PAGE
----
Colon cleansing is a form of alternative medicine therapy that actually encompasses a number of different constituent therapies. It can be split into two basic types which may be used alone or in combination; colon hydrotherapy and oral colon cleansing.
Basically involves pumping water into the rectum so that it fills the colon and is expelled shortly after. This can be achieved using enemas at home or by visiting a practitioner who perfroms colonic irrigation (also known as colonics). Colonic irrigation uses greater volumes of water than can be achieved using enemas and the filling and draining of the colon is often repeated a number of times during each session.
Oral Colon Cleansing
Colon cleansing orally usually uses a combination of dietary modifications, fibre supplements (e.g. psyllium), herbs and nutritional supplements. The aim is the same as with colon hydrotherapy; to cleanse the colon of potentially harmful material.
Colon cleansing is a controversial therapy with most orthodox medical doctors dismissing it as useless and potentially harmful on one side and many alternative practitioners and individuals who routinely undertake the therapy enthusiastically reporting its purported benefits.
The therapy is based on the theory of "auto-intoxication" which was first proposed in the late 19th century which asserts that rotting (putrefied) faeces and toxins can accumulate in the colon and be absorbed by the body causing a wide range of symptoms including fatigue, headaches, mood disorders as well as digestive complaints. Colon cleansing is therefore proposed as means of cleansing the colon of this toxic material, improving bowel function and resolving other symptoms. Colon cleansing also aims to address colonic dysbiosis (disturbances in the balance of bacteria, yeast, parasites and other microorganisms) using antimicrobial supplements and probiotics.
Orthodox medicine points to a substantial amount of evidence acquired from autopsies and modern medical diagnostic techniques which have failed to show any signs of impacted faeces in the vast majority of people. It points out that the body is quite capable of removing waste material and keeping the colon clean without any help from colon cleansing therapies. This may well be the case in essentially healthy individuals but what of the chronically ill and those whose symptoms are unexplained by orthodox medicine?
Orthodox medicine is currently unable to fully explain conditions such as irritable bowel syndrome (IBS) and those of a more systemic nature such as chronic fatigue syndrome (ME/CFS) and fibromyalgia. It also often tells us that auto-intoxication and gut dysbiosis have been soundly disproved despite a now substantial body of research that is showing the vital role that the bacteria, yeast and other microflora present in the gut play in health and disease. Disturbances in the gut microflora have been found in all three of the conditions given as examples and many others and toxins produced by certain members of the gut microflora are known to enter the blood stream and be involved in the development of disease.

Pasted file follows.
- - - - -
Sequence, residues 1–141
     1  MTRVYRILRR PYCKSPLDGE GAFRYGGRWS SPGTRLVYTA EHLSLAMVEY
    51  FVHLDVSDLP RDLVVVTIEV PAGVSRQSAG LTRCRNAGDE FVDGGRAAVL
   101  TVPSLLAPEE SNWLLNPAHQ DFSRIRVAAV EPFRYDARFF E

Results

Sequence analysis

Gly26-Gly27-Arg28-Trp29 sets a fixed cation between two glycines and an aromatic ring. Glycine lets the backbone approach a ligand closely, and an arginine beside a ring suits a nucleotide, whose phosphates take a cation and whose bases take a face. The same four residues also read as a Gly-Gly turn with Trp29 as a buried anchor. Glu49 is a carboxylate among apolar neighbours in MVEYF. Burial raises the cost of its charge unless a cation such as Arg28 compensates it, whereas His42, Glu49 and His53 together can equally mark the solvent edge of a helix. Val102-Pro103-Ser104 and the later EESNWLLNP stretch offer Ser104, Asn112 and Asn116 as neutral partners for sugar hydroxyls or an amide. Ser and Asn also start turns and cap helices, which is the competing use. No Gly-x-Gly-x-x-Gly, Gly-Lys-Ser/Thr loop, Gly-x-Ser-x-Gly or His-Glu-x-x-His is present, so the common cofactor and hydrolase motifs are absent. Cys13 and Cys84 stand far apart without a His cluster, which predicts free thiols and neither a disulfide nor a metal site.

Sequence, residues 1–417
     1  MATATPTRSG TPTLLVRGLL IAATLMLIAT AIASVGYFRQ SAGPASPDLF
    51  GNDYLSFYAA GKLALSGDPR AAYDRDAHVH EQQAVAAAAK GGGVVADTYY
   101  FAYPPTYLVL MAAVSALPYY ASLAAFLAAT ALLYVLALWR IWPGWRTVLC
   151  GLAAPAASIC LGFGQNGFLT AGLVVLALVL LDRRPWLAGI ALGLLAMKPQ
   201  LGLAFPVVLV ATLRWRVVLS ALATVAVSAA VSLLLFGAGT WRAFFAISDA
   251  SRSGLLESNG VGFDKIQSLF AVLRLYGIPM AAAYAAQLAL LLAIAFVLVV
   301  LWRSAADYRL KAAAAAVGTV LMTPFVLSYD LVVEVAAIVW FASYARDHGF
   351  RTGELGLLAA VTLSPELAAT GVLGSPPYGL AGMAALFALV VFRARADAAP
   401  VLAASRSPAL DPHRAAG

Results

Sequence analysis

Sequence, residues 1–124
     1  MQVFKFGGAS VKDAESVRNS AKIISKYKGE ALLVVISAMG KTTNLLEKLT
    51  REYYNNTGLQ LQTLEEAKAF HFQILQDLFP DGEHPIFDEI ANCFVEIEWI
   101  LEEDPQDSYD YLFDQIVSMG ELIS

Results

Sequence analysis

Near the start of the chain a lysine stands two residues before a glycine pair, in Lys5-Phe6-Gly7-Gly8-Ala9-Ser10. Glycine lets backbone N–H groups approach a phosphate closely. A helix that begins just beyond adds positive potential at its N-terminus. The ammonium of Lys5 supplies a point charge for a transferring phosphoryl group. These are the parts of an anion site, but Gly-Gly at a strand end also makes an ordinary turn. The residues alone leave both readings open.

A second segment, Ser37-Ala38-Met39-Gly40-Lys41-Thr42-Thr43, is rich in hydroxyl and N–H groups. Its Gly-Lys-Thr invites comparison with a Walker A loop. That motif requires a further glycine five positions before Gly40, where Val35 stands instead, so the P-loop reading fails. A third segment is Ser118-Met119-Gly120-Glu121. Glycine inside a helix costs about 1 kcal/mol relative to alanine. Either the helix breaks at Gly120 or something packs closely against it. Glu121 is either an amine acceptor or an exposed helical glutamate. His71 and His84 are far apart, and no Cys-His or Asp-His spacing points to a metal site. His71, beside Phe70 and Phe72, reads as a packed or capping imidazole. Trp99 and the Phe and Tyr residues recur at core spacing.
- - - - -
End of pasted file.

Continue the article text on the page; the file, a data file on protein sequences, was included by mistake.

Orthodox medicine also often argues that transit time is not important yet research evidence suggests otherwise. For example, sex hormones (e.g. oestrogens) detoxified by the liver and excreted into the intestines in bile can be "re-activated" by an enzyme called beta-glucuronidase produced by certain bacteria in the gut if their numbers are allowed to reach a high enough level. These active oestrogens can then be reabsorbed by the body or pass through the colon. Oestrogens are associated with the development of certain hormone-sensitive cancers including colon and breast cancers. Carcinogenic (cancer-causing) substances are also present in processed foods which most of the developed world now lives on. Nitrates and nitrites used as preservatives in processed meats for example. Surely it is in the interests of health then to ensure all of these substances are removed from the body quickly and efficiently.
On the other hand many advocates promote colon cleansing as if it is a necessity for everybody to avoid ill-health or a treatment for any and every disease.
Perhaps colon cleansing in one form or another has a role to play as long as it is performed safely and possible adverse consequences are addressed.
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